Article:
HEGEL, Georg Wilhelm Friedrich (1770-1831). Autograph manuscript journal, Stuttgart, 26 June 1785 - 7 January 1787, inscribed on upper cover in autograph 'Tagebuch', in German and Latin, 86 pages, 4to, blank leaf, ff.1-38 in two gatherings, stitched as one, the remaining three bifolia loose, lacking an unknown number of leaves between ff39-40 and ff 40-41, grey paper wrapper. Provenance. G.W.F. Hegel; and by descent.
THE MAJOR BIOGRAPHICAL SOURCE FOR HEGEL'S EARLY YEARS; THE MOST SIGNIFICANT AUTOGRAPH MANUSCRIPT BY HEGEL KNOWN TO SURVIVE IN PRIVATE HANDS
Hegel's journal of life as a schoolboy at the Stuttgart Gymnasium begins on Sunday 26 June 1785, with an account of the improvement of his historical knowledge through a sermon that morning about the Augsburg Confession; it continues, with a number of interruptions, as far as 7 January 1787, where it ends with a straightforward account of a day spenting walking and studying trigonometry; there are 74 entries in total. All commentators have remarked on the Tagebuch's 'objectivity', and indeed the diary is notable for its paucity of personal information, narrative or subjective observation.
The character of the entries is, however, variable, and three distinct styles can be distinguished (H.S. Harris, Hegel's Development, 1972). Initially (to 25 July 1785), Hegel is concerned above all to make a note of his reading and scholarly activities, and to record his philosophical observations on the same, as well as on incidents in Stuttgart life: in this section we find reflections on the meaning of 'pragmatic history', a theory on Socrates's offering of a cock to Aesculapius, notes of conversations on walks with schoolmasters and schoolfriends, an obituary of an admired teacher, with a record of books purchased from his library, an application of some lines of Horace to the 'Charakter des weiblichen Geschlechts' (character of the female sex), and an entertaining description of a recurrence of the local supersition of the 'mutige Heer', a fairy army of dancing lights, which is discovered the next day to have been no more than the midnight return of guests from a concert (the whole inspires in Hegel a delighful outburst of schoolboy hilarity, 'Ha! Ha! Ha! O tempora! o mores! Geschehen Anno 1785. O! O!'). Hegel clearly felt the difficult of maintaining a journal of this sort - apologising for one interesting, but perhaps unduly personal, entry about his enjoyment of chess with the words 'I said so much about chess only in fugam vacui, so that the last day of this month should not stand empty'.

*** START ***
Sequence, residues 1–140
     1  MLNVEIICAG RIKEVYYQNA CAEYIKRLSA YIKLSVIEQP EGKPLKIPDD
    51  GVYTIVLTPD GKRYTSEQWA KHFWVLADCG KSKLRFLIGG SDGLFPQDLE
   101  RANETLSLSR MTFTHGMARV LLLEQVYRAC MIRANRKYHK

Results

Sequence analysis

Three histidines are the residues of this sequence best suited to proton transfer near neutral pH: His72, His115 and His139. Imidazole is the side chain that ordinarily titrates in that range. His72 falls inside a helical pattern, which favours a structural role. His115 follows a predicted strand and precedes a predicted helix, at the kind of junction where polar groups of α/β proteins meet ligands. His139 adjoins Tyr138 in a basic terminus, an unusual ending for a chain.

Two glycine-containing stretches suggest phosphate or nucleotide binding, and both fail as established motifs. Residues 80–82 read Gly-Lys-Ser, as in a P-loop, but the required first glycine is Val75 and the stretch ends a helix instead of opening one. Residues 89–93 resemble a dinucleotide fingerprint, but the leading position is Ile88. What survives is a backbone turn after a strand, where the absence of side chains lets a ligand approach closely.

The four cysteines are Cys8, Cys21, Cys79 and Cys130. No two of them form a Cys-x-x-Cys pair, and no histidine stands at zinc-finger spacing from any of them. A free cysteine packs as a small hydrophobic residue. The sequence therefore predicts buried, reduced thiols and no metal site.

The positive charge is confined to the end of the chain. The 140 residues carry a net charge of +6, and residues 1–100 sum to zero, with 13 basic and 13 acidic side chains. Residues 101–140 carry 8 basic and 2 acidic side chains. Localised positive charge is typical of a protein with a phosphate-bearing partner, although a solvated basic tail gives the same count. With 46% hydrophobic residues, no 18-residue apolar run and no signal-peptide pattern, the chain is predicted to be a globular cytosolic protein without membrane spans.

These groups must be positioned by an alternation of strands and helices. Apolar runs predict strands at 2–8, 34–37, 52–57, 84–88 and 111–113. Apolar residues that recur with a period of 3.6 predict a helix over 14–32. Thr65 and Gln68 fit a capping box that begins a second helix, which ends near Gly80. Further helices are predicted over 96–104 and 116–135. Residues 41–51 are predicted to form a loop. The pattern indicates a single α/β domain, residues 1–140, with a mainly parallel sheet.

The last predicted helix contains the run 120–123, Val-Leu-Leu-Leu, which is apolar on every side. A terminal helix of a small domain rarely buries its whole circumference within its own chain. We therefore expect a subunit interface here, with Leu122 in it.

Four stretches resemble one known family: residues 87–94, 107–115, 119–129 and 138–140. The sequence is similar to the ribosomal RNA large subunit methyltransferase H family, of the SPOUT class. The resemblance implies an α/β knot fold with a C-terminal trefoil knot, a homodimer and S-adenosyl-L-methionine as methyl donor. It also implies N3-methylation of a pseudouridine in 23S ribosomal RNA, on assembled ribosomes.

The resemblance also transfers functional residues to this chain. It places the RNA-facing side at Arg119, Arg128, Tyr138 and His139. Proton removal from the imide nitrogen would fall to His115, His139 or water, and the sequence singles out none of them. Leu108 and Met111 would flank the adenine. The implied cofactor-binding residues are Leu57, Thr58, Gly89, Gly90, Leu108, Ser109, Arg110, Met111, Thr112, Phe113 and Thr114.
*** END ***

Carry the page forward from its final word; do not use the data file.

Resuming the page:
From 29 July 1785, Hegel begins to keep his Tagebuch in Latin, professedly 'exercendi stili et roboris acquirendi causa' (for stylistic exercise and to acquire strength in the language), and much of the content for the next month is supplied from classical history. There are no entries between 25 August and 9 December, an interruption prompted by preparations for his examinations, and prolonged by serious illness. On resuming, Hegel returns to some extent to his initial 'commonplace book' style of journalising, still in Latin, and recounting his sickness, considering the death of a Stuttgart scholar, J.J. Moser, describing a house fire, and meditating on the love of money. At length on 6 March 1786 the journal relapses into German with an essay 'Über das Excipieren', which continues over four entries (with two Latin interruptions) until 21 March. The following day has the beginning of a meditation on the universal desire for happiness, interrupted by the loss of a number of leaves from the manuscript, and followed by a fragmentary entry on enlightenment.